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Palais des Nations Geneva

L'Office des Nations Unies à Genève (ONUG), installé dans l'historique Palais des Nations, est le deuxième plus grand centre des Nations Unies,  après le siège des Nations Unies à New York. L'établissement est un témoignage exceptionnel de l'architecture du XXe siècle. Il est situé dans le magnifique parc Ariana à Genève, en Suisse.

Le Palais des Nations est l’un des plus grands centres de conférences diplomatiques au monde. Quelque 5 300 réunions sont organisées chaque année. La plupart des salles de conférence datent de la construction originale du Palais des Nations dans les années 1930.

History of the Palais

The League of Nations, known as the predecessor of the United Nations, initially established its Secretariat in the Hôtel National building, today known as Palais Wilson, along the shores of Lake Geneva. During the extraordinary session held in 1926 to discuss Germany's admission to the League, the Assembly approved an international architectural competition for the construction of the Palais des Nations, the future home of the League of Nations.

In 1927, 377 architectural projects were submitted to the League of Nations. As it was impossible to reach a unanimous agreement on a single submission, five architects were appointed to work on a common project: Julien Flegenheimer of Switzerland, Camille Lefèvre and Henri-Paul Nénot of France, Carlo Broggi of Italy and József Vágó of Hungary. Though not included in the original design, a library was incorporated into the architectural project, thanks to a US $2 million donation from John D. Rockefeller Jr.

With the inclusion of a library, the League of Nations needed to find a larger parcel of land than originally planned along the shores of Lake Geneva. Ultimately, through an exchange with the City of Geneva, the Palais found its home in the 46-hectare Ariana Park. The Park had been bequeathed to the City of Geneva by Gustave Revilliod upon his death in 1890, as the last descendent of the Revilliod de la Rive family.  

Built in the art deco style of the times, the foundation stone of the Palais was ceremoniously laid in Ariana Park on 7 September 1929. Beneath the stone is a casket containing a list of the League of Nations Member States, a copy of the Covenant of the League and coins of all the countries represented at its Tenth Assembly. The League of Nations moved its headquarters to the Palais des Nations in 1936.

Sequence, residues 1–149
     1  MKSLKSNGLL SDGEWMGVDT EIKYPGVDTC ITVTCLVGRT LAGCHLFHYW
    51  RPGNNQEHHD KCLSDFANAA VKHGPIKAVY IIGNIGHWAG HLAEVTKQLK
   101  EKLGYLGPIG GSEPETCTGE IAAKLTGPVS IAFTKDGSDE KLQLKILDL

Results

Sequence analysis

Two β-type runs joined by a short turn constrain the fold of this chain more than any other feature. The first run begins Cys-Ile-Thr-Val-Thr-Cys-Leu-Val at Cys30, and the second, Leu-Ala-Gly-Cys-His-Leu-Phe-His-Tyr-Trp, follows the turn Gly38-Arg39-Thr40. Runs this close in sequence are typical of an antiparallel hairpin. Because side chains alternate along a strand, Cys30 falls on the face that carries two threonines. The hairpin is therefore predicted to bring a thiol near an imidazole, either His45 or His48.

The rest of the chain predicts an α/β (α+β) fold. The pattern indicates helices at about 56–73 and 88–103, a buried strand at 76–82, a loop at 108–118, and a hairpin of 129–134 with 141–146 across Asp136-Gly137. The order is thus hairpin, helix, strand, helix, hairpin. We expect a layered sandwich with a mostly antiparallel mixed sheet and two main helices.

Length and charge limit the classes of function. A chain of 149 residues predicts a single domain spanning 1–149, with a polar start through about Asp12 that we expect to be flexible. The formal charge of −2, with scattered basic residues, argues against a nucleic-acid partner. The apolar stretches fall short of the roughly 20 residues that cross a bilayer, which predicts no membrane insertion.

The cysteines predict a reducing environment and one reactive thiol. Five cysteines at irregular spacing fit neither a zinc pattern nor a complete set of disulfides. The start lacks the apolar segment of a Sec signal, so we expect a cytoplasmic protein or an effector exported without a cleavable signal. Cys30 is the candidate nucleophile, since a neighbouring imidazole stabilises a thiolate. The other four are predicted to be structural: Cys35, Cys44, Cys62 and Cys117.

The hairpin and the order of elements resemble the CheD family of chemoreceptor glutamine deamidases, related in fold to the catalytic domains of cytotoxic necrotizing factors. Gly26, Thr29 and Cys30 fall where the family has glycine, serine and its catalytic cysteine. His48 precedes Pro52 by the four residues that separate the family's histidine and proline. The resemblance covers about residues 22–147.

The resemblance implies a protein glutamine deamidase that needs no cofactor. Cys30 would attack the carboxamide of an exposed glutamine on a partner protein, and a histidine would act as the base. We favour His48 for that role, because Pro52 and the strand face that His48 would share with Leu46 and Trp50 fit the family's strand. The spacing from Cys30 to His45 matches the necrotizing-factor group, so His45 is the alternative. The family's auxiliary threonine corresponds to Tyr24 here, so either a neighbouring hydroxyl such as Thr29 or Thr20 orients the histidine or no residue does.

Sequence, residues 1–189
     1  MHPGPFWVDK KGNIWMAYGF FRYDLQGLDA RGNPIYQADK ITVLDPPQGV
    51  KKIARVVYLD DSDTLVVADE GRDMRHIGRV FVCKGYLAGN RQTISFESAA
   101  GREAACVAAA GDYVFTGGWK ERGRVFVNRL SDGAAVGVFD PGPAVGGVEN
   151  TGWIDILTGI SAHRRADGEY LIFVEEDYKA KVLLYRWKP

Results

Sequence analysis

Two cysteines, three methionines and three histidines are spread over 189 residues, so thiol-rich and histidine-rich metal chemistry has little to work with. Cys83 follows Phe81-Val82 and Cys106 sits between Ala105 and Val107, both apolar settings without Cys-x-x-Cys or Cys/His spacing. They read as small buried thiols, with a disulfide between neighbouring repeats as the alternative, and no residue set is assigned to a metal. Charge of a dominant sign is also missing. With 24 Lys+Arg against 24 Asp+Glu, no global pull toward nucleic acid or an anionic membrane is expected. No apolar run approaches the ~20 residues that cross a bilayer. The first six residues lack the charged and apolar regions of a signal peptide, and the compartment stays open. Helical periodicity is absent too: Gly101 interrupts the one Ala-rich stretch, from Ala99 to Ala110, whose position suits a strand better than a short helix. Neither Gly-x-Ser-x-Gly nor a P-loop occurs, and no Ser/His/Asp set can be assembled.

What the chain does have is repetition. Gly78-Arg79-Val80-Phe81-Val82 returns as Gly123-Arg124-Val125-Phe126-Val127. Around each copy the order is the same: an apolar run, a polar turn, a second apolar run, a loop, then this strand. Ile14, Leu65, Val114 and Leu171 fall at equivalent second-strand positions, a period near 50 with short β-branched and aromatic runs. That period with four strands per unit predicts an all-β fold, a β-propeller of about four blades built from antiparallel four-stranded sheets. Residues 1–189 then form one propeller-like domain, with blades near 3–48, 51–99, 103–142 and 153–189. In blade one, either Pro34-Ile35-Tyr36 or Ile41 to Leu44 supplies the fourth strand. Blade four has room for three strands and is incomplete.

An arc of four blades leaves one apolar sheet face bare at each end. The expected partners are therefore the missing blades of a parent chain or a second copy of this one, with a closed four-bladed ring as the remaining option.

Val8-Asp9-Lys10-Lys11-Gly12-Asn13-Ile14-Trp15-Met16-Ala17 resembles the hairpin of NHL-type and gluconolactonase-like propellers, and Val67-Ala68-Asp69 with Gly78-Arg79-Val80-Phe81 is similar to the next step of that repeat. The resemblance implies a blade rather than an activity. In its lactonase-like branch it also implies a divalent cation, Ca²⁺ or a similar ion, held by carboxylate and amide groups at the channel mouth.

Though dissolved at a final Assembly held in Geneva in April 1946, the League of Nations handed over its properties and assets to the United Nations Organization, the Palais des Nations being its crown jewel. While the headquarters of the new Organization was established in New York, the European Office of the United Nations was created in the Palais des Nations.

statistiques des bâtiments

Dates de construction
  • Construction du bâtiment de la Société des Nations :
    1929 – 1938
  • Secrétariat – Conseil – Assemblée – Bibliothèque
  • Première extension : 1950 – 1952
  • Construction du bâtiment K et de l’aile D
  • Deuxième extension du bâtiment : 1968 – 1973
  • Construction du bâtiment E
  • Porte de Pregny, Porte de chemin de fer et Porte des Nations : 2003 - 2005
  • Améliorer la sécurité dans l’enceinte de l’ONUG
  • Construction du bâtiment H : 2018 – 2021
  • Porte de la Paix: 2021- 2022
Dimensions principales
  • Longueur des bâtiments (Genève-Lausanne) : 850 mètres linéaires 
  • Surface bâtiments : 206 345 m2
  • Nombre de portes : 54  
  • Nombre de salles de conférence :  34 
  • Nombre d’ascenseurs : 50 59
  • Superficie du parc de l’Ariana : 46 hectares
  • Nombre d’arbres dans le parc de l’Ariana : 1350